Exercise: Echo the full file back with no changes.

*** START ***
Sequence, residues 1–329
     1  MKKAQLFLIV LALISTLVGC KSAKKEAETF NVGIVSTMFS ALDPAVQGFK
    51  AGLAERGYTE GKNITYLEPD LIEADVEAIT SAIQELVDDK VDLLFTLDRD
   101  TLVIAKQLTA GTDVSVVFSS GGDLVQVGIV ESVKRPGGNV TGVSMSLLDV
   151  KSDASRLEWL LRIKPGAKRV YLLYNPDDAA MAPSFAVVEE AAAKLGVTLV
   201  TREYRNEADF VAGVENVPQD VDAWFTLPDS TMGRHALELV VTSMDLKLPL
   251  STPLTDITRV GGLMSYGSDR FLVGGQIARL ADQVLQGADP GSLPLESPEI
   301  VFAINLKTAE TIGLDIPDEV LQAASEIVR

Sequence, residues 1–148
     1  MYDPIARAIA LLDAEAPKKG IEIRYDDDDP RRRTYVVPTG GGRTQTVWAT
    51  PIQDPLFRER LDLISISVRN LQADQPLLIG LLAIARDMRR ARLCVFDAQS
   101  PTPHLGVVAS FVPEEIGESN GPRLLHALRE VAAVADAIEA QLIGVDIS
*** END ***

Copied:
Sequence, residues 1–329
     1  MKKAQLFLIV LALISTLVGC KSAKKEAETF NVGIVSTMFS ALDPAVQGFK
    51  AGLAERGYTE GKNITYLEPD LIEADVEAIT SAIQELVDDK VDLLFTLDRD
   101  TLVIAKQLTA GTDVSVVFSS GGDLVQVGIV ESVKRPGGNV TGVSMSLLDV
   151  KSDASRLEWL LRIKPGAKRV YLLYNPDDAA MAPSFAVVEE AAAKLGVTLV
   201  TREYRNEADF VAGVENVPQD VDAWFTLPDS TMGRHALELV VTSMDLKLPL
   251  STPLTDITRV GGLMSYGSDR FLVGGQIARL ADQVLQGADP GSLPLESPEI
   301  VFAINLKTAE TIGLDIPDEV LQAASEIVR

Sequence, residues 1–148
     1  MYDPIARAIA LLDAEAPKKG IEIRYDDDDP RRRTYVVPTG GGRTQTVWAT
    51  PIQDPLFRER LDLISISVRN LQADQPLLIG LLAIARDMRR ARLCVFDAQS
   101  PTPHLGVVAS FVPEEIGESN GPRLLHALRE VAAVADAIEA QLIGVDIS